Voices and body language are the two most important ways penguins communicate with each other. The type of call depends on the species of penguin and the message they want to communicate.
Adelie penguins use body language such as jabbing with their flippers and gazing at each other to scare other penguins away and defend their territory. Their warnings are followed by an attack, which can be beating their flippers violently.
Penguins’ body language for mating is different depending on their gender. Males who want to attract a female stand tall with their necks outstretched, make loud noises, and extend their flippers wide. Interested females imitate the behavior and raise their heads, stretching tall.
When an adult penguin returns from fishing, it uses many tricks to locate its chick, or baby penguin. They often are able to recognize the scream of their chick within the masses of others screaming simultaneously. Another tool that penguins use is to set “meeting places,” so family members can locate one another. Another different method of communication is used by the Gentoo penguin. They steal other penguin’s pebbles to give them as gifts, but this begins conflicts since pebbles are important nesting materials.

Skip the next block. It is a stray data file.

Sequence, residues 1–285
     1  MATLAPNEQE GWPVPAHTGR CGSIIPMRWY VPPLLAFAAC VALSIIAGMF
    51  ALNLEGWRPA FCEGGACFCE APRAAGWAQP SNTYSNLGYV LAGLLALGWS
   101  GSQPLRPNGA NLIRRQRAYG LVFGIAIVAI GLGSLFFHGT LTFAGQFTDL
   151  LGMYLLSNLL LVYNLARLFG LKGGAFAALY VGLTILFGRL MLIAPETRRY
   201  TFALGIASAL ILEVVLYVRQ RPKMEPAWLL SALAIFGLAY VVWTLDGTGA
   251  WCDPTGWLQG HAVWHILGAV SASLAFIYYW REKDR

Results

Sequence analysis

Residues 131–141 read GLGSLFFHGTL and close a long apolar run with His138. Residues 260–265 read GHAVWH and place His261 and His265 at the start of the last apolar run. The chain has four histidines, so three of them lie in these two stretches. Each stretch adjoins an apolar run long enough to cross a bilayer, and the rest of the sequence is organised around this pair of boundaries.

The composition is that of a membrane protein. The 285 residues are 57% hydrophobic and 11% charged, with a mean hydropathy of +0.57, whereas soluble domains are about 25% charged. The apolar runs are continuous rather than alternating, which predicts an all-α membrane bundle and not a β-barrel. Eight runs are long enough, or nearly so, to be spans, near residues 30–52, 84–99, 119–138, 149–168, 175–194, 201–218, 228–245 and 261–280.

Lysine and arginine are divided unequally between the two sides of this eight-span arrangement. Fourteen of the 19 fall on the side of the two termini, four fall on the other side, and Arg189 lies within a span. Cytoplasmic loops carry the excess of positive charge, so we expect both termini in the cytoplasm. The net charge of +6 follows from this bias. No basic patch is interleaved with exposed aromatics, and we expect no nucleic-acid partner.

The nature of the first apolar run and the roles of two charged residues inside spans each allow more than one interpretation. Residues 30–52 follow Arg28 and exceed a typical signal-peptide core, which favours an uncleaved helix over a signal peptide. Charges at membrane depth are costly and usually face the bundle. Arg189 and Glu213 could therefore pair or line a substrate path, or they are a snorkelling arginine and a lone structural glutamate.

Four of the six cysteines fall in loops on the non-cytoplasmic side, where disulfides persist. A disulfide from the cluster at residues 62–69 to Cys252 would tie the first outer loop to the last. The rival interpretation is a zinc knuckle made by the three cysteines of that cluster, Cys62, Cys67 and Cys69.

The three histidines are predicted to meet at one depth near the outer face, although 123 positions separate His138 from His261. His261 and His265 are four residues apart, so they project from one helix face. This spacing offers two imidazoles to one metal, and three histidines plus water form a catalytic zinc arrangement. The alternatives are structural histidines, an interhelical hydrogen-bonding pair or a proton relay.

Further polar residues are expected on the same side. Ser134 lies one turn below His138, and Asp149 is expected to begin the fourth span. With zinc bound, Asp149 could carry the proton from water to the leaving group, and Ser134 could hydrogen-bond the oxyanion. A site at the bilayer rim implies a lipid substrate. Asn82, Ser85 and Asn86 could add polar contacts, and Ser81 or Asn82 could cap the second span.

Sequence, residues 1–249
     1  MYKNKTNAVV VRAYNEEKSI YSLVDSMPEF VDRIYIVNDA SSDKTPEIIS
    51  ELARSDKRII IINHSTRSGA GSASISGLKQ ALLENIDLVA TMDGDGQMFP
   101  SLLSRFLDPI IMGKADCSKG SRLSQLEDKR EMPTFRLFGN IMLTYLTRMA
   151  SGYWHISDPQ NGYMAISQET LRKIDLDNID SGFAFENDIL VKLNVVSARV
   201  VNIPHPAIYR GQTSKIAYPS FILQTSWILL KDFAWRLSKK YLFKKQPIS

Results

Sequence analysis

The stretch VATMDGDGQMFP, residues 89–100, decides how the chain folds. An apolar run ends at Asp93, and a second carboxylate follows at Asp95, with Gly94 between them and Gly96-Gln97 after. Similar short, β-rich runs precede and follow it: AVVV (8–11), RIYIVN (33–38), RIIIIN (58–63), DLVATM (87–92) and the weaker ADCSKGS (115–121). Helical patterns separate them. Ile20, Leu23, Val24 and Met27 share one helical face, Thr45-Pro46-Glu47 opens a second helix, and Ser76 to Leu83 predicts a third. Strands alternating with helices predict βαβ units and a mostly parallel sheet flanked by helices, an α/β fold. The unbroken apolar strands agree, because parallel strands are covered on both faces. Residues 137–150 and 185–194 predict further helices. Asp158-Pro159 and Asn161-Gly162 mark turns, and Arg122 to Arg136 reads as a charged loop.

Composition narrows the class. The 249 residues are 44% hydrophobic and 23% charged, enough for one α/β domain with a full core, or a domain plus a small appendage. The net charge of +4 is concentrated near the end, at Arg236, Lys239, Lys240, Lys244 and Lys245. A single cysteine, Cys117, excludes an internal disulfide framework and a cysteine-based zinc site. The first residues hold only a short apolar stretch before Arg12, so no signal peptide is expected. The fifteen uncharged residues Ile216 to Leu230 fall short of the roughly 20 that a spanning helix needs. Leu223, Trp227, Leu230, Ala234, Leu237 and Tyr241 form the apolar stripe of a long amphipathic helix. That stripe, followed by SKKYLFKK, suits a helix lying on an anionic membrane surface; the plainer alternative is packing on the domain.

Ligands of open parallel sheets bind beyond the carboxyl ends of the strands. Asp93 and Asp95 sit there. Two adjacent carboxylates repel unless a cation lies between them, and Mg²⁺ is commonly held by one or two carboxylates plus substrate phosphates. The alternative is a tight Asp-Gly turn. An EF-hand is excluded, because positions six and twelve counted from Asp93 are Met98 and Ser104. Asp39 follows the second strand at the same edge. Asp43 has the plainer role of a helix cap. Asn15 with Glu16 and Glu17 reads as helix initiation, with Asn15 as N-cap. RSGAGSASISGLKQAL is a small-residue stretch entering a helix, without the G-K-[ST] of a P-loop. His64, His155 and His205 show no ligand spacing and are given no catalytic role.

Penguins have very unique behaviors depending on the species and the messages they are trying to convey, but these behaviors are very important to their way of life.
[Source: 100 Things You Should Know About Penguins]